Families with lots of devices will be happy to find up to five USB jacks in Touring and Elite trims, four of which offer increased charging capability and two are easy to access for the second row. EX and EX-L trim models get only the three USB jacks up front. EX trim models and above get three 12V charging outlets in addition. Models with an entertainment system also get one 120V AC outlet for the second row. That’s great on the high-end trims and good on EX/EX-L, but the lack of USB charging outlets for 2nd and 3rd rows in LX, EX and EX-L trims seems to be already obsolete for a brand new family vehicle.
There is no lack for storage in the new Pilot. All rows fold nearly flat in full or in sections, offering a great deal of flexibility. The space behind the third row is rivaled only by the Chevrolet Traverse (and siblings) in this category, while the deep storage under that space is nearly as generous as the Ford Flex. Door and console storage is also excellent, as are the additional side storage compartments in back.
Clek Oobr, Graco Snugride 30 Classic Connect and Britax Boulevard CT (left) fit three-across in the 2nd row. Using LATCH for the booster leaves little room even for a child’s hands to buckle themselves in a driver’s side booster, though. The Diono Radian works very well in the center, leaving a bit more room for buckling in a Graco Affix backless booster (below, center). The Graco 4Ever and Maxi-Cosi Rodifix install easily with LATCH in the outboard seats (below, right).
Top 10 Likes:
- Honda Sensing advanced safety features available on EX/EX-L trim ($1000 option)
- Bluetooth hands-free and backup camera standard on all trims
- 4 LATCH, 6 total top-tether anchors, 3-across carseats possible in 2nd row
- EX Trim 2WD w/Honda Sensing gets 19/27MPG at $33,430 MSRP
- Good 3rd row legroom and cargo space behind 3rd row
- Easier access to third row on either side than previous Pilot
- 3rd row passenger side seat wider than before
- Better than average visibility for its class
- EX and EX-L trim gets three USB charging ports and three 12V outlets. (Touring/Elite get 5 USB, three 12V and one 120V AC)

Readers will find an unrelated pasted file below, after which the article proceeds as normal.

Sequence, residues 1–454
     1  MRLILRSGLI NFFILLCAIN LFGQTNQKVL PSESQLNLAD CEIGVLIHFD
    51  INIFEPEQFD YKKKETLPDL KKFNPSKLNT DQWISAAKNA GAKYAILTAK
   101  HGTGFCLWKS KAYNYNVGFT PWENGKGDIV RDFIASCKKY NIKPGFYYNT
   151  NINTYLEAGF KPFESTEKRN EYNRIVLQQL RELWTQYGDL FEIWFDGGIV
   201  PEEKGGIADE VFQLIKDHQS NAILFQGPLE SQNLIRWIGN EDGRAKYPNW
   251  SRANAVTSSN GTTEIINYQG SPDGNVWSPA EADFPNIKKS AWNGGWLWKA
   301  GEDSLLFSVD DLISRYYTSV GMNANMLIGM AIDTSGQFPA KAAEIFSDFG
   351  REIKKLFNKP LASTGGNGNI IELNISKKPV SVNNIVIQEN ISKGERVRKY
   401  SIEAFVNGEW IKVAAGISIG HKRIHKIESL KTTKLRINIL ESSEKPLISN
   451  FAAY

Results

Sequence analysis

- Improved cabin is quieter, handling is acceptable for its size.
Top 10 Dislikes:
- No crash test results available yet (Honda expects IIHS Top Safety Pick+ and 5-star overall NHTSA ratings)
- Blind Spot/Cross Traffic system only on Elite trim
- 3rd row middle seat is very limited
- 2nd row middle seat is reasonably wide, but has some crossover issues with driver side seat
- No ventilated leather seat option on Touring or EX-L trims
- Transmission can hesitate from a stop sometimes
- No USB ports for third row
- Sleeker minivan-like styling may not appeal to everyone
- 3rd row legroom improved, but still has seats low to the floor; best suited for kids in boosters and pre-teens
- Quirks: Nav system often rotates and chimes randomly while driving, push button shifter feels odd on 9-speed automatic in Touring/Elite trim, smudgy screen with no hard buttons.
The 2016 Honda Pilot is improved in almost every way. If you’re looking for a 3-row SUV that is very flexible for seating kids and carseats, the new Pilot is among the top contenders. Like the previous Pilot, it has 4 LATCH positions and 6 total top tethers, something few competitors match even in the largest SUVs. Improved passenger space and fuel economy make it even better than before for those long family vacations and for hauling up to 7 kids around town. There are a lot of competitive midsize SUVs on the market today, and the new Honda Pilot should be among the top choices for any family with young children.
Though likely not the top selling model, I find the EX trim level to a great choice for both safety and value when equipped with the Honda Sensing package. With the 2WD model, you get impressive fuel economy and it starts well under $34,000 with advanced safety features not found in most midsize SUVs at this price point. One omission is the one-touch second row seat folding feature found only in EX-L and higher trims. That said, the Touring AWD model I tested has a lot to offer as well and at just under $43,000, it has almost everything you’d want as a standard feature. Though the new Pilot is still no substitute for the family hauling capability of the Honda Odyssey minivan, it’s getting close!
Thank you to Honda USA for providing the 2016 Honda Pilot Touring AWD used for this review. All opinions are my own and no other compensation was provided.